Study: California saves by fighting global warming

Hot on the heels of Assemblywoman Nancy Skinner’s energy-efficiency event yesterday and the running battle between Gov. Arnold Schwarzenegger and would-be governor Meg Whitman over whether to halt California’s work toward reducing greenhouse gas emissions, a new study suggests California will save money and jobs by fighting climate change.

Using price forecasts from the U.S. Department of Energy’s Annual Energy Outlook, the study estimates that without diversifying California’s energy portfolio toward more renewable fuels and energy efficiency, the state risks losing more than $80 billion in Gross State Product and more than a half million jobs by 2020. But implementing 33 percent renewable energy, combined with 1 percent annual improvement in energy efficiency, shields the economy from higher energy prices and yields a growth dividend, increasing GSP by $20 billion and generating 112,000 jobs, the report says.

Energy Prices & California’s Economic Security” was authored by University of California, Berkeley Adjunct Professor David Roland-Holst for Next 10, an independent, nonpartisan nonprofit aimed at educating and engaging Californians to brighten the state’s future; it’s the same group that runs the online “Budget Challenge” each year.

“There has been considerable public debate over the projected economic impacts of California’s first-in-the-nation climate policies,” Next 10 founder F. Noel Perry said in a news release. “To date, no one has modeled the economic impact of doing nothing to change our energy mix. Today’s report clearly reveals the economic risk inherent in over-reliance on fossil fuels.”

Said Roland-Holst: “The global financial crisis has hit hard in California, where unemployment, mortgage foreclosures and an unprecedented state budget deficit are among the highest in the nation. But the current decline in demand in global energy markets is temporary and risks lulling policymakers and the public into a state of denial about long-term fossil fuel price trends.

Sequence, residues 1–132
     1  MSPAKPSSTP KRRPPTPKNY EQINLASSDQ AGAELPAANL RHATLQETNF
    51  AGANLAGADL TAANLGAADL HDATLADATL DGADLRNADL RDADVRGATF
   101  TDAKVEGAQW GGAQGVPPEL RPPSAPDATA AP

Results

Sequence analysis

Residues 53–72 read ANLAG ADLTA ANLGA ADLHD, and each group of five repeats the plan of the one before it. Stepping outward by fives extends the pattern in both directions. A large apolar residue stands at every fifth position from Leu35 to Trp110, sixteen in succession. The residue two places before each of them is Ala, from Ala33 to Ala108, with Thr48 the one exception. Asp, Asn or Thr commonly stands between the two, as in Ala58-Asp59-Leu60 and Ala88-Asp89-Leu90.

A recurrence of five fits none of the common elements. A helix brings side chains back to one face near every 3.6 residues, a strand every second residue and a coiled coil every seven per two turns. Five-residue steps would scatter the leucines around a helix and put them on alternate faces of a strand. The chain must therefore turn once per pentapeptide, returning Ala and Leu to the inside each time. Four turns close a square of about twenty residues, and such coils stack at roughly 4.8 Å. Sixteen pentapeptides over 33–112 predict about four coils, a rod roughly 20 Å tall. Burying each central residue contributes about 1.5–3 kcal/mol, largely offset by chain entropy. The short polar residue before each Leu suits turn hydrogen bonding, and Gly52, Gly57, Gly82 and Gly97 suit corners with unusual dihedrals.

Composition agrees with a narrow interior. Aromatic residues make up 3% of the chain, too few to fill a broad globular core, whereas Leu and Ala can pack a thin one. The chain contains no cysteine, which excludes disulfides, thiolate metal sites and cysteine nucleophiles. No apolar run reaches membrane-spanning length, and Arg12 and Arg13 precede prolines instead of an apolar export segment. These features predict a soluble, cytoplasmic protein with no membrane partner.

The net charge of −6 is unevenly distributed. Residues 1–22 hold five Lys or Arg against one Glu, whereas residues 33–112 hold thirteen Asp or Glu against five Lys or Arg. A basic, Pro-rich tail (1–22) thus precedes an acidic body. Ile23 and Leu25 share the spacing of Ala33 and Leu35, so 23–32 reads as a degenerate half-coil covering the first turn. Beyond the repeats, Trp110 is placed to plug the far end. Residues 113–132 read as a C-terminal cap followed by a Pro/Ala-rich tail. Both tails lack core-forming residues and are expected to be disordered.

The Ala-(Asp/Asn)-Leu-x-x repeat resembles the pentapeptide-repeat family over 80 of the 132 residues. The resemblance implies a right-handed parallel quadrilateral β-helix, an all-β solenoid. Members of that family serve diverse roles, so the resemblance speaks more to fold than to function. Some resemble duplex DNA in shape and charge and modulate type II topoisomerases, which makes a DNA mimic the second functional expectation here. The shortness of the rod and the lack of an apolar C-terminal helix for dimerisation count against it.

“Even using conservative official estimates, we find that California risks far greater economic peril by remaining heavily dependent upon fossil fuels,” he said. “Energy efficiency and renewables offer a valuable hedge against the risks of higher energy prices.”

Josh Richman

Josh Richman covers state and national politics for the Bay Area News Group. A New York City native, he earned a bachelor’s degree in journalism from the University of Missouri and reported for the Express-Times of Easton, Pa. for five years before coming to the Oakland Tribune and ANG Newspapers in 1997. He is a frequent guest on KQED Channel 9’s “This Week in Northern California;” a proud father; an Eagle Scout; a somewhat skilled player of low-stakes poker; a rather good cook; a firm believer in the use of semicolons; and an unabashed political junkie who will never, EVER seek elected office.

  • RR, Uninvited Columnist

    Duh,uh. We lose jobs by depending on fossil fuels. How about creating more jobs by exploring our seas for MORE fossil fuels? Dare we risk losing abalone and sand dabs?

  • Ralph Hoffmann, Guest Columnist

    Fossil fuels are depleting; not renewable. We lost the sources that created them during the dinosaur age a few years ago. Read the studies. Duh.

  • Tom

    Perry errs when claiming nobody has modeled the “do nothing” approach. Actually there’s been many, several of which indicate that cost is less than the cost of ab32. The more important aspect is what to do with “models”—they should be used to inform, not to command. Models indentify RISKs but ONLY wrt repsect to the magnitude of the event, not its probability. W/O probability, there is NO risk management. Next10 may be non-partisan, but they’re certainly not unbiased. EVERY historical/empirical case has shown the approach being taken in California (see Spain, Denmark and Michigan) will ONLY lead to inefficient, ineffectier government boondoggles,fewer jobs and less economic growth.

  • RR, Uninvited Columnist

    NO source of natural energy will replace fossil fuels in the foreseeable future, so let’s keep exploring. Geothermal energy is still years away as a primary source in most places. We haven’t “lost” oil/gas sources, we haven’t found them all yet.

  • Ralph Hoffmann, Guest Columnist

    Nuclear power for electric generation is replacing natural gas as we write.

  • RR, Uninvited Columnist

    Nuclear power? Californians think Jane Fonda is a scientist. Her greatest contribution– “China Syndrome.”